Plot: we use this to explore the themes of the novel: friendship, true love, adulthood, and travel. So if plot of the arrangement of actions from beginning to middle to end, with reversals and reveals for complexity, the let’s lay it out like this . . .
Friendship will be explored two-fold, its deterioration and its amelioration. The former will occur as a series of events over the course of a trip abroad (drugs, death, and money problems loom over them the whole summer). The latter will occur as a events of the night at Juan’s house roll along (the psychological or physical death hangs over their heads the whole night).
True love will have its beginning, middle, and end as the events in Vietnam bring Sam closer to Anaïs. Stake is love is fragile and might break in the early stage.
Adulthood will have its three acts in the events of the night of story telling, where Juan and Sam will go through (here’s where I get weird in explaining this) caterpillar, cocoon, butterfly steps. As in, super slow and gooey, to hard and annoying, to beautiful and forgiven. Stake is if you don’t grow up you are ground down by life.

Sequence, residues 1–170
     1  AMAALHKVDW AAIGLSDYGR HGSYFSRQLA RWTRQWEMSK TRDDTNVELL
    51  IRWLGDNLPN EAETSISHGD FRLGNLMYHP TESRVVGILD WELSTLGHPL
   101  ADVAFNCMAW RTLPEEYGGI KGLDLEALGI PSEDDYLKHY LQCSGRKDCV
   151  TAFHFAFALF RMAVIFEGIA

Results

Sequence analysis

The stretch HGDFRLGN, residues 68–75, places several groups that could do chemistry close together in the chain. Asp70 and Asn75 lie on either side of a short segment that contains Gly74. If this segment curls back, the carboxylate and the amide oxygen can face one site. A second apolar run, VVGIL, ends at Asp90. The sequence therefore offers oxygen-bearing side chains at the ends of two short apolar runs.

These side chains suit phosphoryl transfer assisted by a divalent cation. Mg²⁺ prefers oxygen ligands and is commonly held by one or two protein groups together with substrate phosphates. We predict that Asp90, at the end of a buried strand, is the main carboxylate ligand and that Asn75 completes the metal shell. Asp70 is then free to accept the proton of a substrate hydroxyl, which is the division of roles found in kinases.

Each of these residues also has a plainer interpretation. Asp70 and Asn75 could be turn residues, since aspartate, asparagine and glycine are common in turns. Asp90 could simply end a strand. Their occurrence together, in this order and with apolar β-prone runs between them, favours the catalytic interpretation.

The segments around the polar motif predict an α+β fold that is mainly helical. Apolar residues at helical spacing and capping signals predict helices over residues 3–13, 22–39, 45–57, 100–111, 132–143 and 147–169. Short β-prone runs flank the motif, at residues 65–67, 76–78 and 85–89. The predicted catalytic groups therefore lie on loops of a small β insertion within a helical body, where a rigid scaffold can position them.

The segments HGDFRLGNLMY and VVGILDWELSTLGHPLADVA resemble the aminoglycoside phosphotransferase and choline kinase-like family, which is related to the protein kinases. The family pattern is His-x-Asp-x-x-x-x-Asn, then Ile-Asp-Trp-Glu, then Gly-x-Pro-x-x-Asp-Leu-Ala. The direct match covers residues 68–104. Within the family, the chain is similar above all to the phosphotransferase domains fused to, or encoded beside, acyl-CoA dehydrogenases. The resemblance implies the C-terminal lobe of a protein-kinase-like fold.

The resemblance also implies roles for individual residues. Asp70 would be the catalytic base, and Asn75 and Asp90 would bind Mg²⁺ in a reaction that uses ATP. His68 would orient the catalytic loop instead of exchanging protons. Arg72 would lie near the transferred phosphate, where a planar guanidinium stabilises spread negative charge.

Probably the simplest plot and most obvious will be the trip abroad itself, exploring travel, and the way that travel has always been the way humans evolved, self-actualized, and awaken. The twist is that the boys don’t realize the significance of the trip until they recount it some 15 years later. But as it goes, Sam wants to visit Thailand, Juan wants to visit Japan. But the cheapest ticket is into Singapore. Once there they realize Thailand is collapsing under a military coup. So they are detoured to Indonesia. Tickets to Japan are only cheap a month later, so they go to Vietnam next, another detour. Once in Japan they visit temples. Stake is they are running away from their problems by going on this trip — while retelling it is trying to get something.